Universal Instructional Design: Not Just One Size Fits All, FAL Lecture

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Content: Universal instructional design: Not Just One Size Fits All Fourth Annual Lindback Lecture March 21, 2006 Presented by: Theresa Euro Tsai, PhD, CRC Associate Professor, Counseling Department 2005 Lindback Award Winner
Preface Community College of Philadelphia is pleased to recognize excellence in teaching by bestowing the Lindback Distinguished Teaching Award on a member of our College faculty. This annual award, which is supported by the Christian R. & Mary F. Lindback Foundation, recognizes demonstrated excellence in teaching, the primary award criterion established by the Foundation. Each year, former Lindback award recipients serve as a peer review committee and make recommendations to the president of the College for the award. In 2003, Community College of Philadelphia inaugurated the annual Lindback lecture, which is given by the recipient of the previous year's Lindback award. The Lindback lecture provides an opportunity for the entire academic community to draw on the teaching mastery and scholarship of the Lindback awardee. This publication serves to memorialize this lecture, presented to the College community, on March 21, 1005.
Lindback Lecture Universal Instructional Design: Not Just One Size Fits All Theresa Euro Tsai, PhD, CRC Associate Professor, Counseling Department It was quite an unexpected honor to receive the Lindback award. As I read the list of previous winners, I was humbled to now be included among the faculty that I admire greatly. I recognize that these faculty members are the architects of many of the important initiatives that we have today. They are among the leaders here at Community College of Philadelphia. So I first want to thank and pay tribute to each of our past award winners. I also want to thank President Stephen Curtis, who consistently supports endeavors that promote professional growth and recognition, and who has been a strong supporter of my efforts. Initially I was in dread of having to speak in front of all of you today. While my anxiety certainly didn't dissipate, it did diminish as I realized I had a chance to get on the soapbox and advocate for something that had been of interest to me. But would it be something of interest to all of you? Would you embrace the concept of universal design in instruction delivery as congruent with your philosophy of teaching and learning, or would you view this as just another way to get you to pay attention to those annoying accommodation forms that I send to you from the Center on Disability? Would you see value in concepts that grew out of the disability world, or would you worry that this might be an effort to "dumb down" the contents of a curriculum? Would you see this as spoonfeeding students by giving them no responsibility for their learning or as presenting content so that they can indeed better analyze and critically evaluate? Like many others on faculty in the College, I came through one of the side doors. Like our previous Lindback award winners and many others on the staff in the College, I am the daughter of immigrants. My parents were physicians in their country. In China during that 1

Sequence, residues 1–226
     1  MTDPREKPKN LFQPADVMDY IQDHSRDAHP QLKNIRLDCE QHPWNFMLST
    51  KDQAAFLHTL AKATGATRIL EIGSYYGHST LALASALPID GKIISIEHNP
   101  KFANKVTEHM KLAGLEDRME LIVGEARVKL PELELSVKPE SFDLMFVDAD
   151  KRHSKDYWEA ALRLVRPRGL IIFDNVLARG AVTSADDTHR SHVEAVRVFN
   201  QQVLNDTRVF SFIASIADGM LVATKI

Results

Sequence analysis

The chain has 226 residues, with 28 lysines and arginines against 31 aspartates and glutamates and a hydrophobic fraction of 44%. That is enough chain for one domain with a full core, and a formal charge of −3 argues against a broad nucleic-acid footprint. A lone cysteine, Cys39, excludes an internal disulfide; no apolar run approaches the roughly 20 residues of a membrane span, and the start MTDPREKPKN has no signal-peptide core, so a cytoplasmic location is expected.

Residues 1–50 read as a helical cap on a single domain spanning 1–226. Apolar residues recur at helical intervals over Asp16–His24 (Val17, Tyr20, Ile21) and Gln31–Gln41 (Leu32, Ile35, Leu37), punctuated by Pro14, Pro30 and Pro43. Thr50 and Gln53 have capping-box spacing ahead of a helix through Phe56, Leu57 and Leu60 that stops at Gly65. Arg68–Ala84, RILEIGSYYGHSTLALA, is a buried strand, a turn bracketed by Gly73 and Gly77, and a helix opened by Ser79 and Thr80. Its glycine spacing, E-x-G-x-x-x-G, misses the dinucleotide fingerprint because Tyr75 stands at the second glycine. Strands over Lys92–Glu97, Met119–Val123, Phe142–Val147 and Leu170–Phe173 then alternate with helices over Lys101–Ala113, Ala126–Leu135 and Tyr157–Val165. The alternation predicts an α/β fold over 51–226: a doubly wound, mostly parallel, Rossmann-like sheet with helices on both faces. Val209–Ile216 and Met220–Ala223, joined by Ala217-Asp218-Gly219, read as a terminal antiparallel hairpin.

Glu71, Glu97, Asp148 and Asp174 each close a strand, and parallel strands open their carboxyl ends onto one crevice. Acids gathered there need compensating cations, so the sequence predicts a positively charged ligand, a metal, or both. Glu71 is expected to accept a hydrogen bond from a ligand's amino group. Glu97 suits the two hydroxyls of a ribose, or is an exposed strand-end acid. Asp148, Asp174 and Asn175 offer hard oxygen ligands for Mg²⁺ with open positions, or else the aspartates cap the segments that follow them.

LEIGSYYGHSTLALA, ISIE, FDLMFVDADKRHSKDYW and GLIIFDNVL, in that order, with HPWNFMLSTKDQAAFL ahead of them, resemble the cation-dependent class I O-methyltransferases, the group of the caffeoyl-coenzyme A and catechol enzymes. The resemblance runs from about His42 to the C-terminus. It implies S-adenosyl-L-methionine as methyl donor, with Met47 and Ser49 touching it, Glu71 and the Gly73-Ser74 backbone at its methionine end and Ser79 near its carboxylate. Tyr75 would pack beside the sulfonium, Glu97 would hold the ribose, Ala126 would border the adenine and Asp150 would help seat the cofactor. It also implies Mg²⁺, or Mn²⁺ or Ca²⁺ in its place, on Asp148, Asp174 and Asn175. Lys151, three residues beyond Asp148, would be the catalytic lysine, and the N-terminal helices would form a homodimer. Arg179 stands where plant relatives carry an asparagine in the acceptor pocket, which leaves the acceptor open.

LLiinnddbbaacckk LLeeccttuurree time, there were two classes--wealthy and poor. My parents were from the former and thus lucky enough to be educated in "western medicine." Their teachers were all English-speaking and from Europe or the United States. It would be to my parents' benefit to do some postgraduate study in the U.S. Thus, they came to the U.S. for what was supposed to be a yearlong educational experience. But it was 1948, and the government had changed hands in China. My mother was the youngest of six, and so her siblings were grown and were able to flee to Hong Kong and Taiwan. My father was the oldest of seven, and his father was a statistician who was jailed and subsequently died of tuberculosis while in prison. His mother was left to care for his six younger siblings. Many of my relatives were sent to the countryside to work the fields to be "re-educated." So my parents were stranded in this country with no proper immigration papers, no money and no license to practice medicine in the U.S. Fortunately in those days, immigrant doctors were used to staff the tuberculosis sanitariums and the so-called insane asylums. Staff housing was provided (it almost had to be, as these places were remotely located) and the pay was low, but people like my parents were grateful to leave the rooming houses and poverty of downtown New York City. From K to 12 my "home" was situated on a tract of county land on the top of a hill that included a large complex for the tuberculosis patients, another large complex for the mentally ill and a small minimum security prison. While most kids might have a small yard in the back with a swing, I had acres and acres of farm land tilled by the prisoners in denim shirts and pants. I was told to keep my distance. And whereas most kids might have heard a siren go off in their neighborhoods for a fire or an ambulance truck, when I heard a siren, I had to go inside because it meant that either a patient or a prisoner had escaped. And talk about diversity--I grew up in an apartment building with physicians' families from Turkey, Greece, India, Philippines, Honduras, Spain, etc. 2